Many people immediately respond to the question about the effectiveness of their safety program by citing the great (low) LTI or “Recordable” rate they have achieved over recent years. Interestingly, a feature of many disasters is the subsequent finding that despite good statistics, no one noticed or reported the gradual drift towards unsafe operation.;
So we need to ask again, how do know your safety program is effective? Apparently, it has little to do with LTI, recordable or even first aid injury rates. BP had very good work injury statistics prior to the Texas refinery explosion and fire (2005) and once again prior to the infamously disastrous Deepwater Horizon oil rig blow-out in 2010.
Identifying and focusing on the “critical few” things which are vital for safe operation is key, and is contrary to the common over-focus on minor safety issues. For example, prior to the BP disaster in the mGulf of Mexico, the CEO was reported to be personally involved in a company-wide program to train everyone how to correctly use chairs, because someone had fallen off a chair. This is often described as the “decoy phenomenon” which distracts attention away from the major risks.
What do most people do when an accident happens? Usually they hunt for “broken parts”, and when found they stop investigating. For example, finding a faulty instrument on a panel and replacing it, and possibly adding it to regular inspections in the future.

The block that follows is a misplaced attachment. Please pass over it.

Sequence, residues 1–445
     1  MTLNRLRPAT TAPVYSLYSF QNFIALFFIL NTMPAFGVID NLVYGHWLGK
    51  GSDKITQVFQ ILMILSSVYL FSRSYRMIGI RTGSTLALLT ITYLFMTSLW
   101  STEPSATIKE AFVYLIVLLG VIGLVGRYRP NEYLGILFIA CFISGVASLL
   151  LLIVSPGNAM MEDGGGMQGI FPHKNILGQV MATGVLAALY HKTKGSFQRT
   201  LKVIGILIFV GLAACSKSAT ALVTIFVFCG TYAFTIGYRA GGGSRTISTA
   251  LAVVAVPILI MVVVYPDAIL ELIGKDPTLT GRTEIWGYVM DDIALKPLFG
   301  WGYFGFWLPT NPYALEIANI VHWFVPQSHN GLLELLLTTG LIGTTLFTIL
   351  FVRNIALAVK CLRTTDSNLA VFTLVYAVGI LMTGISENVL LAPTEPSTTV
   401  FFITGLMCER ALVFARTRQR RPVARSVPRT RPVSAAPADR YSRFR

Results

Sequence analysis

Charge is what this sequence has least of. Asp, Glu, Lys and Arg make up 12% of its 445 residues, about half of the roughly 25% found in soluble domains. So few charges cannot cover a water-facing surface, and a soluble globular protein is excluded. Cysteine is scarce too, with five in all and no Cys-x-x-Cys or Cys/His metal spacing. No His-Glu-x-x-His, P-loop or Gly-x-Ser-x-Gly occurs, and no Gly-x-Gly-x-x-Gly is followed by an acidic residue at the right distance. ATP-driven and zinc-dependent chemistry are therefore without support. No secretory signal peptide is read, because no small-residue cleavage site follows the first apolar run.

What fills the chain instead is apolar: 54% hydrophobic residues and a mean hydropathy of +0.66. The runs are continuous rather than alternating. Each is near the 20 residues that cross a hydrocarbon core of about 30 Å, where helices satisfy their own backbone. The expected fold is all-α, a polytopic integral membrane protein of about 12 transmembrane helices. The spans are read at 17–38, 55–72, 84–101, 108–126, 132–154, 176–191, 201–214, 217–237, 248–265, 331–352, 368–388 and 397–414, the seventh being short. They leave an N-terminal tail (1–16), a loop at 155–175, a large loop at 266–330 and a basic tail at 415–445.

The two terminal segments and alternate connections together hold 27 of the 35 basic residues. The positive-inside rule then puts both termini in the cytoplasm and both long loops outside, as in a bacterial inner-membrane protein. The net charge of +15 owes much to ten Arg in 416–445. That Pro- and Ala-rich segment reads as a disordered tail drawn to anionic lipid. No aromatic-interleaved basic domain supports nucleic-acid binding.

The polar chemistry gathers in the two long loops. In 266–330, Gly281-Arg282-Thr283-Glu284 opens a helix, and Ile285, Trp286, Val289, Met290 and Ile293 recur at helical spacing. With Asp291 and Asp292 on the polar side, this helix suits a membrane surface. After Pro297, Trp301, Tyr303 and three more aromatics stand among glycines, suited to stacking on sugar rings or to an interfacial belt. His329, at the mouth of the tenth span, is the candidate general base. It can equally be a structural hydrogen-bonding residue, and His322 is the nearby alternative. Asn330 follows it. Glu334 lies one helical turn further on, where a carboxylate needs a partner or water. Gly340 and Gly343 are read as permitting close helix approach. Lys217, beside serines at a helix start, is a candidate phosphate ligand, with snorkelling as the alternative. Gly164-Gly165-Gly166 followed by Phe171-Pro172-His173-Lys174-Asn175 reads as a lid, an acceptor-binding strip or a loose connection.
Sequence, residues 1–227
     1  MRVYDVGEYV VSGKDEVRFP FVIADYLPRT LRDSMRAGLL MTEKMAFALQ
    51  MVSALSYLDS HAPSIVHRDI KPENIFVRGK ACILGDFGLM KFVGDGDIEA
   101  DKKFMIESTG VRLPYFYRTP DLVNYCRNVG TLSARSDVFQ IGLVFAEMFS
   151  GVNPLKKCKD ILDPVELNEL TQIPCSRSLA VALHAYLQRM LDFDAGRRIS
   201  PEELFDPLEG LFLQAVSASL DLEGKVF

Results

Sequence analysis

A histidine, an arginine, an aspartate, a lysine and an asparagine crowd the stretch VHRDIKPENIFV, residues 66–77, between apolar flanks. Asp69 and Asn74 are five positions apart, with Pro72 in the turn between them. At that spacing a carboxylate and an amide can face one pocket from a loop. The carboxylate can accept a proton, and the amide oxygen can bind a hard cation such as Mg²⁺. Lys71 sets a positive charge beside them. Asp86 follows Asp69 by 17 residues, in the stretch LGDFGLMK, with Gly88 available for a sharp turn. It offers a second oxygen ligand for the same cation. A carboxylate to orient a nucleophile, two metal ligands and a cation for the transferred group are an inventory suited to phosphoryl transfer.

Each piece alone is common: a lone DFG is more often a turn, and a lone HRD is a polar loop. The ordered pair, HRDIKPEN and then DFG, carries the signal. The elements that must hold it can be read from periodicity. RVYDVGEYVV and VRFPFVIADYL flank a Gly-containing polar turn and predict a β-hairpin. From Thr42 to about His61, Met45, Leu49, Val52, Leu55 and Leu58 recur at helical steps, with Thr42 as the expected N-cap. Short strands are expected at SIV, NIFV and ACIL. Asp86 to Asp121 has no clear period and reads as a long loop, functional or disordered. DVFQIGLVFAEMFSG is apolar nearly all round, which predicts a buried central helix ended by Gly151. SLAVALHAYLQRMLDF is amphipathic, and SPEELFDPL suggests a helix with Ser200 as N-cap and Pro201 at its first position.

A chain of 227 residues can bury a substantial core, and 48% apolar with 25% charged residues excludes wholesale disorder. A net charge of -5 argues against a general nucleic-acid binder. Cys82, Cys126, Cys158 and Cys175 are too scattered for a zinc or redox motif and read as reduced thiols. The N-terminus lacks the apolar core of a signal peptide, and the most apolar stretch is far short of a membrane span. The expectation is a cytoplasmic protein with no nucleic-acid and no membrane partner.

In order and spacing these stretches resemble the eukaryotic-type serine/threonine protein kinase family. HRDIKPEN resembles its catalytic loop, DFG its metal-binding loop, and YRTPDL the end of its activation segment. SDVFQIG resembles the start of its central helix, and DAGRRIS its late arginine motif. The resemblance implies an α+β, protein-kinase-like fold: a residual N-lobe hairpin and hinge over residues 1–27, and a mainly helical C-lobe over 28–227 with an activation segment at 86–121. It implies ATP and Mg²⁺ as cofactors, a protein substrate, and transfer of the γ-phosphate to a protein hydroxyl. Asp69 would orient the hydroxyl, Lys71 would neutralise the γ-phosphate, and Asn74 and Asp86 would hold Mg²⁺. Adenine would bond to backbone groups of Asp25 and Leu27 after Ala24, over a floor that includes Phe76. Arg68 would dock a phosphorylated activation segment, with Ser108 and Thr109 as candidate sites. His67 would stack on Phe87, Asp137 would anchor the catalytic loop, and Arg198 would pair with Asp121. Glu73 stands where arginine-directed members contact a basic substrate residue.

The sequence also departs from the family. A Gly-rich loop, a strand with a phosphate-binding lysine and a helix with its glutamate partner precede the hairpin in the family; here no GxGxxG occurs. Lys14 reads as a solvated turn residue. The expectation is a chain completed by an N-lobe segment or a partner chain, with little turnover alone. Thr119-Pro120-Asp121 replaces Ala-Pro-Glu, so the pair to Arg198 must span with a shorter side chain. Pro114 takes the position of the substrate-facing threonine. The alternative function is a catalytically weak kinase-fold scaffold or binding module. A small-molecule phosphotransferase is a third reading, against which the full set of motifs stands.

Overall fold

Emerging new techniques offer different ways to look at accidents. One such approach is that outlined by Sidney Dekker (2011) in “Drift into Failure”. Some of the interesting insights offered by Dekker include our culturally-based ethics which make us think that a person(s) must be really bad people, if the outcome of the incident is more serious. This is despite that many other people may have been doing the very same thing, but were lucky and did not suffer the same consequences up to that point.
More fascinating is why did none of the (gross) deficiencies strike anybody at the time? The answer lies in the fact that the drift into failure is slow, comes in small steps, and often goes unnoticed by those inside the organisation. After the event, the failures are always very obvious with the benefit of “20-20” hindsight for independent auditors, regulators, community, commentators and the courts.
Another interesting insight offered by Dekker is that “incidents do not always precede accidents, normal work does”. You have to think about this and consider it from the perspective of the workers faced with the pressures, limitations and practical difficulties of the job in front of them at the time. What is obvious after the events, is not necessarily so beforehand.
So what are the strategies that will help avoid the drift into failure?
- Train all managers and supervisors to display good safety leadership across every level of the organisation.
- Be suspicious of good work injury rates; they may be a symptom of under reporting.
- Build a culture which is prepared to sacrifice short term production goals when genuine safety issues necessitate, as opposed to punishment or subtle pressure to prevent any interference with operational objectives.
- Build in redundancy to ensure high reliability. For example, provide back-up person, secondary safety devices or multiple layers of checks.
- Decentralise decision making authority for safety issues as low as possible. For example, train and authorise staff to assess and vary procedures (within limits) to ensure safe operation when faced with local difficulties.
- Build a strong culture of compliance with agreed safety rules, as opposed to “cherry picking” the rules people like.
- Implement non-stop education and training and rotate staff through roles to periodically introduce a “fresh perspective” and new ideas.